Azure Cosmos DB Client Library for Java - version 4.60.0

Azure Cosmos DB is Microsoft’s globally distributed, multi-model database service for operational and analytics workloads. It offers multi-mastering feature by automatically scaling throughput, compute, and storage. This project provides SDK library in Java for interacting with SQL API of Azure Cosmos DB Database Service.

Source code | Package (Maven) | API reference documentation | Product documentation | Samples

Getting started

Include the package

Include the BOM file

Please include the azure-sdk-bom to your project to take dependency on GA version of the library. In the following snippet, replace the {bom_version_to_target} placeholder with the version number. To learn more about the BOM, see the AZURE SDK BOM README.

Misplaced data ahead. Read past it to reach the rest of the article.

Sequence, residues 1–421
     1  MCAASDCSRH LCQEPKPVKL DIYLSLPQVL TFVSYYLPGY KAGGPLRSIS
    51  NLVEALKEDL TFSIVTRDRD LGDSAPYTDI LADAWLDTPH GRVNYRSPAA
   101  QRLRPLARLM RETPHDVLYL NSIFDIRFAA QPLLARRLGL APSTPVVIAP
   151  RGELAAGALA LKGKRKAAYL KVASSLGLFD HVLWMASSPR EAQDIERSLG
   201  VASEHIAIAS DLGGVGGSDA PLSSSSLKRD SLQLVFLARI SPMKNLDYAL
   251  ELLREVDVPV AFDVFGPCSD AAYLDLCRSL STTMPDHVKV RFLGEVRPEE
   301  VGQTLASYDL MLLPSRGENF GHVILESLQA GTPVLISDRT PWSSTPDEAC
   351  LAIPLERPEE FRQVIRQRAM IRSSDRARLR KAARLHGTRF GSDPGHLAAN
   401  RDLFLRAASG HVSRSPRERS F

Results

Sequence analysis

and then include the direct dependency in the dependencies section without the version tag.


Include direct dependency

If you want to take dependency on a particular version of the library that is not present in the BOM, add the direct dependency to your project as follows.


Refer to maven central for previous releases

Refer to javadocs for more details on the package


SLF4J is only needed if you plan to use logging, please also download an SLF4J binding which will link the SLF4J API with the logging implementation of your choice. See the SLF4J user manual for more information.

The SDK provides Reactor Core based async APIs. You can read more about Reactor Core and Flux/Mono types here

Authenticate the client

In order to interact with the Azure Cosmos DB service you'll need to create an instance of the Cosmos Client class. To make this possible you will need an url and key of the Azure Cosmos DB service.